Journalism is an important tool by virtue of which even the layman gets aware of the daily happenings. The responsibility of assessing, thorough investigation, and presenting the news, national or international, of trends and issues is parallel to no profession whatsoever. Impartial and honest journalists make this profession all the more invaluable. Journalism is an irrevocable part of a democratic society.
Journalism in most parts of the world is independent, as it should be, given the prerogative it holds over other professions. As quoted by Henry Anatole Grunwald: Journalism can never be silent: that is its greatest virtue and its greatest fault. Virtue in the sense that it presents truth to the masses, and restrains a government from going against the rights of individuals. And fault in the sense that it has never been without the interference of the overreaching state. It has always remained a target for the state, to curb it to present their own versions, and rigmarole of lies. Nonetheless, journalism operates smoothly and swiftly in almost every nook and cranny of the world.
But in Kashmir the scenario is altogether different: threats, intimidation, thrashing are a common sight in this part of the world. If sources are to be believed more than a hundred journalists have been beaten to pulp by the security forces. The plight of these journalists is no less than a common Kashmiri, both are beaten with impunity by the state sponsored men-in-uniform. The only difference is: while the former gets a media coverage which again leads to nothing, and the latter is even deprived of the same.
Encounters have now became a common sight, be it south or north, both are equally involved. To cover such encounters and the protests, that go hand in hand with encounters, journalists put their lives at stake. Working from the ground, journalists leave no stone unturned in presenting the news as it happens. But to protect this ‘glorification of militants’, journalists become a soft target. As in the recent encounter, which broke at Handwara and culminated with the killing of scholar-turned-militant, Dr Mannan Wani, no media persons were allowed to cover the incident. When asked the reason, the same old rhetoric: this leads to the aggrandizing of militants.
Another similar incident came from Fateh Kadal, Srinagar, in which not only media fraternity was kept out of the scene, but was also thrashed in broad daylight. And what happened after that is known to all. No action was taken, no one held guilty; in fact nothing budged: No condemnation came from governor of the state, let alone action.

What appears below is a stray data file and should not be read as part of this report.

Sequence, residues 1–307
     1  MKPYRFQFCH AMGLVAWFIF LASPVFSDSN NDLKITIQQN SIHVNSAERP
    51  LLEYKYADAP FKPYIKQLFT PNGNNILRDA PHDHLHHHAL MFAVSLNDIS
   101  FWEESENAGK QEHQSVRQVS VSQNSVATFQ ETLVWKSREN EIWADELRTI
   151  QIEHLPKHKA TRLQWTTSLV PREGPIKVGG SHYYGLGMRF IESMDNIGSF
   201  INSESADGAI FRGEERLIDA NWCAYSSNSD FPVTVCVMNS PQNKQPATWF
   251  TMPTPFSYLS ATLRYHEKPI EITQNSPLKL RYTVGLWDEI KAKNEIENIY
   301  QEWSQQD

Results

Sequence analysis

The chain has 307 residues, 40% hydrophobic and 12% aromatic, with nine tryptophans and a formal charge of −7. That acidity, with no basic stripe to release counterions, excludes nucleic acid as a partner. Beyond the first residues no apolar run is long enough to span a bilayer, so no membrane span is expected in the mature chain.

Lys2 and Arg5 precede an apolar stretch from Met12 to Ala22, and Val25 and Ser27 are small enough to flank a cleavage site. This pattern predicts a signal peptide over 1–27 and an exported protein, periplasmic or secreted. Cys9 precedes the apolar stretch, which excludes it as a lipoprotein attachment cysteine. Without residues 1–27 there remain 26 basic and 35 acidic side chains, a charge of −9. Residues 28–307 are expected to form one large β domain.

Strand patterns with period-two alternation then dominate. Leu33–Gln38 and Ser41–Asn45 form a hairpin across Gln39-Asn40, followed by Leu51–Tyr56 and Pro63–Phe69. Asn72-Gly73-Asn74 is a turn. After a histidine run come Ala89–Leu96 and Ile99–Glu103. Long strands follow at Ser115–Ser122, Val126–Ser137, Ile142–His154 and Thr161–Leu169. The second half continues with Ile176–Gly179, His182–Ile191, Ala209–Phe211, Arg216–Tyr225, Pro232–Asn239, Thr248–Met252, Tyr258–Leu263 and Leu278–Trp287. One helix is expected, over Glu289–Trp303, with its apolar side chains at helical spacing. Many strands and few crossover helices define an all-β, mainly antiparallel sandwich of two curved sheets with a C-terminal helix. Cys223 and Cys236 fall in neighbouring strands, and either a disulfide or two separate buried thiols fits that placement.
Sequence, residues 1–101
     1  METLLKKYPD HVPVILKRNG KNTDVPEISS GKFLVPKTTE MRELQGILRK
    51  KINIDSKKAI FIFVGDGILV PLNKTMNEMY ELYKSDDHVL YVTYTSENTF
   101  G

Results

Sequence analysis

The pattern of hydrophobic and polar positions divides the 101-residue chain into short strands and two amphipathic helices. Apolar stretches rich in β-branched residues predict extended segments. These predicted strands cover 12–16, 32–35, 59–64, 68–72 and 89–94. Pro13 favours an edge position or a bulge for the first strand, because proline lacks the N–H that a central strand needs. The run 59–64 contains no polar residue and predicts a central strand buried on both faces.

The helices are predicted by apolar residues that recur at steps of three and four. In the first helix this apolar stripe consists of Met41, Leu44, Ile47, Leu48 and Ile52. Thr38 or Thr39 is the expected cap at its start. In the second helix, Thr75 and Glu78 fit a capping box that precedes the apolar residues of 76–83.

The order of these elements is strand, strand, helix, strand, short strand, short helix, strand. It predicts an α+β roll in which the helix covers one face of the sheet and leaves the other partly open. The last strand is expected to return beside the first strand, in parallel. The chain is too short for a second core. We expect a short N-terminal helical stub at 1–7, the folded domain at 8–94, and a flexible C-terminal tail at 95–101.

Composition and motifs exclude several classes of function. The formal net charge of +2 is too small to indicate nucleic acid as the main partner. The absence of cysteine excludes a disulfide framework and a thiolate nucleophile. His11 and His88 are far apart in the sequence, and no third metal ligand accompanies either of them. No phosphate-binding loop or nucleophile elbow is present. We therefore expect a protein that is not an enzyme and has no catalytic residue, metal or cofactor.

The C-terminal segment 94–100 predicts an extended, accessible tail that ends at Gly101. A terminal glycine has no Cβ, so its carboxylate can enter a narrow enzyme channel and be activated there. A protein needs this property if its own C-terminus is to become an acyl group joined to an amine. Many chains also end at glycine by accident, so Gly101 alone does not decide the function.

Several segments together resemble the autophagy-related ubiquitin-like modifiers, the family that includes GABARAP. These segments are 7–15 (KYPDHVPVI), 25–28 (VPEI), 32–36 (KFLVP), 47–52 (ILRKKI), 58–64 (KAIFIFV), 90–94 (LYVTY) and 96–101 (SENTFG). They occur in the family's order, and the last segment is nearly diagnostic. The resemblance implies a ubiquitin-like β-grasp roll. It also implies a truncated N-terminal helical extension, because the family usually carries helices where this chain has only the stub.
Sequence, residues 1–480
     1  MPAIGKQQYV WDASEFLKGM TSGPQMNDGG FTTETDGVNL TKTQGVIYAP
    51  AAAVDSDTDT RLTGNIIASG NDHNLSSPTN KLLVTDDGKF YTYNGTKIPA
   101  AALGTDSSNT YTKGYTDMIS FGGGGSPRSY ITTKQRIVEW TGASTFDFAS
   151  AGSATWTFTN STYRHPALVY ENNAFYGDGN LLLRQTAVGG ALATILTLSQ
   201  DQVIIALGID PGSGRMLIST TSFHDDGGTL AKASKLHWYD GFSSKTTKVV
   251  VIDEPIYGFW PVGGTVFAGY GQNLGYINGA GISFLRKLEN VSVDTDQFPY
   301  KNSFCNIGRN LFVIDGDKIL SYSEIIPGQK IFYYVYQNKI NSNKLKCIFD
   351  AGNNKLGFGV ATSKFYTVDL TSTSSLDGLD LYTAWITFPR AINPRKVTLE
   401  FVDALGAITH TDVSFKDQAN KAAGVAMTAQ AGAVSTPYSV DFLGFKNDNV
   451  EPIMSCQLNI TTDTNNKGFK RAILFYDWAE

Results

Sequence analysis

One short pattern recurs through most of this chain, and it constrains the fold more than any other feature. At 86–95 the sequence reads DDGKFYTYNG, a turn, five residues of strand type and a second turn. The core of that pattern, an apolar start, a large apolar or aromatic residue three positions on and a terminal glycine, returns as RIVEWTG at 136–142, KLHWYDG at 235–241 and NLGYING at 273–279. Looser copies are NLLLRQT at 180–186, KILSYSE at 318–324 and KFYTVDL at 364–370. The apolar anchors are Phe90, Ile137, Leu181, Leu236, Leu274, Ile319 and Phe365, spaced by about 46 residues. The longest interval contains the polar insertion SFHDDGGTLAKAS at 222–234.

A senior journalist, political activist, and an editor of a local daily was assassinated in a busy street, albeit police claimed to have arrested one of the counterparts, but what happened to others? How and why was he assassinated? What was the motive of the killers? Who are these unknown gunmen that roam so freely that it took them only five minutes to kill and go? These questions have time and again lingered and disappeared into the mist – mist which rises and takes everything with it so quickly whenever such incidents happen.
These are but only few incidents that gained the limelight and quickly dimmed with the passage of time. These, and other such incidents have raised a serious question on the security of press in Kashmir. And what’s annoyingly surprising is the silence of those hunter masters, who on petty issues raise their voices so loud, but remain muted on such occasions. A sneak peek into this issue makes a rational mind think why this hypocrisy, why such discrepancy, why this and why that. Perhaps the answer lies within the system that governs the state!
In the light of these happenings, things have come to such a pass that parents not only disallow their wards but also condemn them to take up journalism as a profession. Perhaps they are right in doing so, given the every day intimidation and thrashing of journalists.
What is to be done? What are the measures to safeguard the rights of press? How this profession can be saved from being abandoned? Perhaps in raising the question I have, in part, suggested an answer to the one I’ve repeatedly asked.
(Farhan Bashir is currently pursuing 10 plus 2 from Aligarh Muslim University. Feedback at Farhanbashir594@gmail.com)
NOTE: The Views expressed by the author are his own and are not the views of The Kashmiriyat necessarily.